This invention is related to an air-operated apparatus for raising or lowering a passenger, and more particularly to a passenger-carrying spherical body seated on a semi-spherical base, and air operated means for elevating the body on a cushion of air from the base up through a tube to a predetermined height above the base.
Motion simulators employed in amusement devices and flight simulators usually comprise a hollow body or frame for receiving a passenger. The body is then moved through a series of motions to simulate flight through the air. Such devices are commonly used for training aircraft personnel. Other devices are used as amusement devices with a video screen that presents images consistent with the simulated flight.
The frame is mounted in a cradle or base and rocked or otherwise horizontally moved, usually without any substantial vertical displacement. One device in which the body is horizontally moved is illustrated in United States Patent No. 2,344,454, issued to Plotner in 1944, and disclossing a spherical shell floating on a body of water with controls for rotating the shell about its center.
The broad purpose of the present invention is to provide apparatus for elevating a passenger in which the passenger is received into a spherical body and then raised to a predetermined height by pressurized air delivered beneath the body. In the preferred embodiment of the invention, which will be described in greater detail, the body is mounted in a semi-spherical base having an upright, transparent, tubular conduit mounted above the base so that the body is raised to an elevated position in the tube. A movable weight is mounted within the body so that the passenger can revolve the body by displacing the weight from the body's center of gravity.
Still further objects and advantages of the invention will become readily apparent to those skilled in the art to which the invention pertains upon reference to the following detailed description.
The description refers to the accompanying drawings in which like reference characters refer to like parts throughout the several views, and in which:
- FIGURE 1 is a partially schematic view showing an amusement device illustrating the preferred embodiment of the invention;
- FIGURE 2 is a sectional view of the body slightly raised above the base;
- FIGURE 3 is an fragmentary view illustrating the internal arrangement of the body;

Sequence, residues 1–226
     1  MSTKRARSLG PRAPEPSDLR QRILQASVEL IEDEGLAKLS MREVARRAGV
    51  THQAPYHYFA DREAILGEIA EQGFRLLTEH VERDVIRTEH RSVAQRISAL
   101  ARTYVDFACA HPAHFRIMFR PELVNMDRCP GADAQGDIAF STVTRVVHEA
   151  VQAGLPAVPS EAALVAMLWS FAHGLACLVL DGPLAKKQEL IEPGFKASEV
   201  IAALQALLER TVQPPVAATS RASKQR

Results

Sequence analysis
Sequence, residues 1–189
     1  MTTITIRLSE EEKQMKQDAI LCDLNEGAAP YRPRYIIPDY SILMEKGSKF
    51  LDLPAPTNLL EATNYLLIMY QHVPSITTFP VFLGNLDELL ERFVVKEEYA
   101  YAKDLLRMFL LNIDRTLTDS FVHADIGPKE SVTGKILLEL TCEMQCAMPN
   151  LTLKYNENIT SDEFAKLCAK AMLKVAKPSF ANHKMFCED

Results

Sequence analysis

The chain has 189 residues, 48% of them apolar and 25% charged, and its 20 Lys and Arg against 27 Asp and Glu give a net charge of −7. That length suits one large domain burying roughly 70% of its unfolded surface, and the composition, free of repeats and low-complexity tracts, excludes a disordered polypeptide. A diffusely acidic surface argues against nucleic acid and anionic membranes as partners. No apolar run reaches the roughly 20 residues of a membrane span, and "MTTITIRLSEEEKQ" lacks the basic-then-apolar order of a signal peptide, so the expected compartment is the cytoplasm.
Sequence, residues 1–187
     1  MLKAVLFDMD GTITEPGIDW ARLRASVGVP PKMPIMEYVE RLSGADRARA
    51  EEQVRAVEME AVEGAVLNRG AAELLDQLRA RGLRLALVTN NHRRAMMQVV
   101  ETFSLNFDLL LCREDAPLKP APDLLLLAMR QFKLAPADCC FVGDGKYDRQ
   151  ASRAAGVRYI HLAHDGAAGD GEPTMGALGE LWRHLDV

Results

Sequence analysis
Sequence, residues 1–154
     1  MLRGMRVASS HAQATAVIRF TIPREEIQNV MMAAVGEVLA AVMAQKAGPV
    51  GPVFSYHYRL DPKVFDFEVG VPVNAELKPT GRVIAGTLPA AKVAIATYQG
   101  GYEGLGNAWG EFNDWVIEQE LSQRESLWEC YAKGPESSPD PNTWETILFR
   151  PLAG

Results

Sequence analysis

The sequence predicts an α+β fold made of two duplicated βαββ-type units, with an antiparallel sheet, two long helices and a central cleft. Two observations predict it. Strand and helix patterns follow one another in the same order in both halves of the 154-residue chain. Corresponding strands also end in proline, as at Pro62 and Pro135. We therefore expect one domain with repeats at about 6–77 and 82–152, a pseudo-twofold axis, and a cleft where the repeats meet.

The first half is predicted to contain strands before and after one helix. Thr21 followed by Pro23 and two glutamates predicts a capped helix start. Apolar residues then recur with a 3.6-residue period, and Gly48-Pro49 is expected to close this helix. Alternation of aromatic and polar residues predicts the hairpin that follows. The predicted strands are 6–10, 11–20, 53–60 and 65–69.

- FIGURE 4 is another internal view of the body illustrating the weight operated controls;
- FIGURE 5 is still another internal view of the body showing the control arrangement and the simulated controls;
- FIGURE 6 is sectional view of the turbine housing;
- FIGURE 7 is a view of the louver used for revolving the body about the tube's axis;
- FIGURE 8 is a view of the louver in another position;
- FIGURE 9 is a view of the system for controlling the position of the weight;
- FIGURE 10 is a plan schematic view of the weight control system;
- FIGURE 11 is a fragmentary view showing the manner in which the weight is connected to the guide rods; and
- FIGURE 12 is a view as seen along lines 12-12 of Figure 11.
Referring to the drawings, Figure 1 illustrates a preferred amusement device 10 comprising base means 12. Base means 12 has a semi-spherical base member 14 supported by legs 16 above ground 17. Base member 14 has a generally spherical seat 18, an upper opening 20 and a lower opening 22. A turbine housing 24 is mounted beneath opening 22.
Referring to Figures 1 and 6, turbine means 26 is mounted within the housing. A motor 28 is mounted on the housing and connected by belt means 30 for driving the turbine to direct a flow of air through opening 22 into base member 14.
Belt means 30 includes a sheave 31 weighted so as to form a flywheel in the event power is terminated for some reason to motor 28 so that the turbine continues to rotate for a period of time under the momentum of sheave 31.
Referring to Figures 1 and 2, a lip 32 is mounted about the upper edge of opening 20. An upright transparent tube means 34 is mounted on the lip. Tube means 34 has an upper open end 36.
A spherical, passenger holding body 40 is illustrated in Figure 1, mounted on seat 18. Body 40 has a slidable closure 42 which may be opened to permit a passenger 44 to step into the body. The body also has transparent window means 46 for the passenger to view objects outside of the body. In addition closure 42 is preferrably transparent so that the viewer can view external objects such as a video screen, not shown, which may be operated as the passenger is being elevated.
Body 40 has an external diameter such that it can be disposed on seat 18 of the base, and which is slightly less than that of tube means 34 so that air delivered from the turbine will urge the body upwardly to an elevated position in which it is suspended by the air. The body can be raised several feet to an upward position adjacent the top opening of the tube at "A" illustrated in Figure 1. The body is raised and lowered by external controls 50 for controlling the operation of the turbine.